How good is that live Podcast is a news-week, light-hearted discussion podcast distributed via BitTorrent. It features me and you talking on a variety of topics, via Skype, on the news of the week in technology, politics, science, religion and the errata covered on this blog.
If you would like to join in the discussion, please leave a comment, using a valid e-mail address below, and I’ll be in touch. If possible, please include your Skype username.
This page link above ‘HGIT Live Podcast’ will contain links to the BitTorrent files needed to download the podcasts, once we’ve recorded the first episodes.
What is Skype?
Think of Skype as a free telephone call from anywhere in the world, to anywhere in the world. It is free to download and free to use. Visit www.skype.com for more details.
What is BitTorrent?
To answer that, let me explain what it is not. Many people think that BitTorrent is the new Kazaa, or Napster; just another vehicle for downloading illegally copied music and movies. While sites like thepiratebay and mininova have popularised this aspect of the technology, BitTorrent promises much more than simply another method for ripping off musicians and artists.
In the traditional model for distributing media on-line, such as MP3 audio files which contain podcast program content, or MPEG video files which contain vlog-cast media, such as the excellent http://www.geekbrief.tv/, with the gorgeous Cali Lewis, first the content creator has to upload the media file in question to a web server.
Once the file is available on a server and wrapped in an RSS feed (so it can be automatically loaded into iTunes for example) every time a listener wants to download that file, the total amount of bandwidth allotted to the content creator goes down by however large in megabytes the media file happens to be.
So, for example, if I sign up for a server package with GoDaddy.com, I am allotted, say, 500 gigabytes of total download bandwidth. That means that for everyone who wants to download a file from the server, my allowance is detracted from by, say, 5 megabytes, or however large the MP3 / MPEG file happens to be.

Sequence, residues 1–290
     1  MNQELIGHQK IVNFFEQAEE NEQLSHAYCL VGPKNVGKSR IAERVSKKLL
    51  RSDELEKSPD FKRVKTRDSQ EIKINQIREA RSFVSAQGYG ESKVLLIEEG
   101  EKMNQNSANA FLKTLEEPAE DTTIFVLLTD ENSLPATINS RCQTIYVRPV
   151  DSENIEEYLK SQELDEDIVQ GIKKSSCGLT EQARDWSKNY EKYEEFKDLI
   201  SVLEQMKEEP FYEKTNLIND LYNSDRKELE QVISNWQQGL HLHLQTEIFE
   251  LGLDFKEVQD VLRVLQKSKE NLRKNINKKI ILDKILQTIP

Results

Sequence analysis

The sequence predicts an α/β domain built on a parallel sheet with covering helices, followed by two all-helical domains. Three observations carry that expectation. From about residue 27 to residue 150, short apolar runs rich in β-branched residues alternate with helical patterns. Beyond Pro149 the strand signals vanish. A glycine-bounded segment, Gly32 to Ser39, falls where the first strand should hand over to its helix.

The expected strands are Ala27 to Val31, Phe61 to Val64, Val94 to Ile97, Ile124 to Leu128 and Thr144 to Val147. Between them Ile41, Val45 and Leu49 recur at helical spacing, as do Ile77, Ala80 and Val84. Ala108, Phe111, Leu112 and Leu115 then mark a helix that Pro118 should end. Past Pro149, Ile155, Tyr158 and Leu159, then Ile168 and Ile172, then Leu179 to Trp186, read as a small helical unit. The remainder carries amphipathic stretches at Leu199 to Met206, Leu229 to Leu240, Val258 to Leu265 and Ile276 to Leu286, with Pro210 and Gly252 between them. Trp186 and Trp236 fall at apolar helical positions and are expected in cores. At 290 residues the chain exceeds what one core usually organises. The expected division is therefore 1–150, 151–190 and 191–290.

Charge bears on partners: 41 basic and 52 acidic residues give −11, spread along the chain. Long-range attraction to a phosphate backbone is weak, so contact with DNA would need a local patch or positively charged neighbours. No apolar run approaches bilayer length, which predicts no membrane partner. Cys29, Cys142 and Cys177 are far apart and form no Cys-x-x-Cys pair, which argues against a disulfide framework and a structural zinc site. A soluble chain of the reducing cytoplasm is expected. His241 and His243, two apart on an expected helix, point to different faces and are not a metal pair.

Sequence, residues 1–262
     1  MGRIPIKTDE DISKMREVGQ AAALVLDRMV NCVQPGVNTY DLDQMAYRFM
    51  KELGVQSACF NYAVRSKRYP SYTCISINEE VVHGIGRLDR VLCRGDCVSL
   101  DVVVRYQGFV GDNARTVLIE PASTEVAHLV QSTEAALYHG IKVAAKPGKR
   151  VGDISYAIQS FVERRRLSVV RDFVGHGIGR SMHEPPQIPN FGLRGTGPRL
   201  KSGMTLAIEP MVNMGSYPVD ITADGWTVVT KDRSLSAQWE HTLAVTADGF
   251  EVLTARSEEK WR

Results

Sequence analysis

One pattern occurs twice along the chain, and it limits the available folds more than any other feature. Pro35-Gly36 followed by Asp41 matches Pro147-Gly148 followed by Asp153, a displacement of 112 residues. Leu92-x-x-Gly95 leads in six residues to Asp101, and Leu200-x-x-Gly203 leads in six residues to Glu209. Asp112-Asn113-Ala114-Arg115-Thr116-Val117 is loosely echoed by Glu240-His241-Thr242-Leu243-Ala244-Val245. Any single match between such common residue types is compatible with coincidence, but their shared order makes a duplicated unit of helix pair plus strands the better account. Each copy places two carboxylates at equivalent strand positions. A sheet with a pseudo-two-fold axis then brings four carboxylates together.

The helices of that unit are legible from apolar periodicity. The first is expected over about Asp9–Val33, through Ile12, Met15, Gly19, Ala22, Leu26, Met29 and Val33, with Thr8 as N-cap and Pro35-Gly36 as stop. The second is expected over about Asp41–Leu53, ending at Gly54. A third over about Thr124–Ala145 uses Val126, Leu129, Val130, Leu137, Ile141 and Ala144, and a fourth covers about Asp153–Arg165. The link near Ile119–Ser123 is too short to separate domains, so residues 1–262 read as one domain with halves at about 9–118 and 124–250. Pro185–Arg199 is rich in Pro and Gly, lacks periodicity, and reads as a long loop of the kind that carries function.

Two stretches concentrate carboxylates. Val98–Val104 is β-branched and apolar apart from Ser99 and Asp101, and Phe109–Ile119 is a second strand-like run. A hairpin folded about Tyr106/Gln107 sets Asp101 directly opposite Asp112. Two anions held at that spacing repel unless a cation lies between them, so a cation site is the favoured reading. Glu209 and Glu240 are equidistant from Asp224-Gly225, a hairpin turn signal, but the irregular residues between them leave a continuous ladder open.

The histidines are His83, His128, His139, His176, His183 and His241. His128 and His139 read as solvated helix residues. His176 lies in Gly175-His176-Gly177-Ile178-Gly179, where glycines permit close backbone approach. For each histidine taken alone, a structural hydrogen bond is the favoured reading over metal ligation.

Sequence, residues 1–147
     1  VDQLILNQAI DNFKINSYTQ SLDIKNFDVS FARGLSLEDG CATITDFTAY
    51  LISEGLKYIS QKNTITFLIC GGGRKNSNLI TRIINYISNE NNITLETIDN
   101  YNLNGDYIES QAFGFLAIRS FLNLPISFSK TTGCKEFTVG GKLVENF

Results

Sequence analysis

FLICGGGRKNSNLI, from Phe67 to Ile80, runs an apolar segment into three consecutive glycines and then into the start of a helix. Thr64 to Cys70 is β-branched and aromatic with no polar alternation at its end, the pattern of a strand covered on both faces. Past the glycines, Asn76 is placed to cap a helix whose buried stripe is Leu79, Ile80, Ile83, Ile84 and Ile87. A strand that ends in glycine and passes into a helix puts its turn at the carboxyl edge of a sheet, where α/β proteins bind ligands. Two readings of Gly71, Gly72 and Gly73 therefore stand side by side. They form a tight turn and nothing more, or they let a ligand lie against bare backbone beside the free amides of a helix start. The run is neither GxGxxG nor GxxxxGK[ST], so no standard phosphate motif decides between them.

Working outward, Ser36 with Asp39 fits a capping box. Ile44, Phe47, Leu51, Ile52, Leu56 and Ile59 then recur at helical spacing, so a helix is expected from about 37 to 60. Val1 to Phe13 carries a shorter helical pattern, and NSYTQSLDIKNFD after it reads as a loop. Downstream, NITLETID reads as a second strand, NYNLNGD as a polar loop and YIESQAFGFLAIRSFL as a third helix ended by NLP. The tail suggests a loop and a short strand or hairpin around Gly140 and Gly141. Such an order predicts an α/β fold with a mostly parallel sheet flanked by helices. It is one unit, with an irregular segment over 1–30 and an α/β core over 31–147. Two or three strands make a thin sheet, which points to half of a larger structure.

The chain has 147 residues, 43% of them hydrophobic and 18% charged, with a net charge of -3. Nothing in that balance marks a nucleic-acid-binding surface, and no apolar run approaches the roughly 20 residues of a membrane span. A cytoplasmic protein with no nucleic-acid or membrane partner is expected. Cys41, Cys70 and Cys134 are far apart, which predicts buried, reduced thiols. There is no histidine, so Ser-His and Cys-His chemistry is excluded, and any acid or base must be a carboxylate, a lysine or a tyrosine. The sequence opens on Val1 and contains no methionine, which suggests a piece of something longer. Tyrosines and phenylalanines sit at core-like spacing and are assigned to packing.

While this is OK for a while, it isn’t ideal – because of a phenomena known as the long tail. Without getting too technical about it, the long tail is analogous to Andy Warhol’s statement, that everyone will be famous for 15 minutes. In other words, while it is fairly unlikely that a small little podcast from a small little blog like mine might ever get into the realms of being an A-List, must subscribe show, among a large group of regular subscribers, it isn’t impossible that one episode in particular might buck the trend.
A few years ago now, when iTunes first embraced podcasting and the whole thing went through the roof, I had been experimenting with recording silly little experiment podcasts of my own. In one program, I happened to mention Adam Curry, a popular host of an early A-List podcast, called The Daily Source Code. Curry noticed that my podcast had appeared on the iTunes top 10 list, because at that time there were only perhaps one hundred or so feeds on the list, as Apple had only been in the business of listing podcasts for all of a week or so.
Suddenly my little experiment podcast went from having 3 or 4 subscribers, to getting hits from all of Adam’s listeners, eager to see who this guy mentioned on The Daily Source Code was. The server the MP3 file was hosted nearly buckled and all of my allotted bandwidth for the year vanished in less than 2 days. Luckily the hosting company saw the funny side and I was able to explain to them that this will not happen again and they didn’t charge me the £200 plus they wanted for breaching my allotted bandwidth.
Peer to peer to the rescue.
BitTorrent works like this. I record a podcast as an MP3. I share that MP3 via BitTorrent. Once two or three people begin downloading that MP3 file from me, they also begin sharing the file with two or three other people. They share it with another group and they share it with yet more and eventually you have a whole bunch of people, sharing what they can afford to share from their internet connection speed so that everyone is able to download large files from each other without having to pay for hosting fees.
The more people who share the file once it is completed, so that others can download it too, the better. These people are known as seeds. The more seeds a file has, the quicker it is for everyone to download and share with yet more people. BitTorrent cuts the cost of delivering high quality files to as many people as possible from prohibitively expensive to completely free, and all it takes is a few core users who are prepared to leave their BitTorrent client open for other people to share.
If you are interested in taking part in the podcast or sharing the files once the podcast MP3s are recorded, please leave a comment below and I’ll be in touch with you.
If you want to learn more about BitTorrent and download a free client / server for Linux, Windows and Mac OS X, try the following sites:
http://www.bittorrent.com/ – Official site
http://en.wikipedia.org/wiki/BitTorrent – About BitTorrent
www.versiontracker.com/ – For Mac
www.versiontracker.com/ – For Windows
http://gnome-bt.sourceforge.net/ – For linux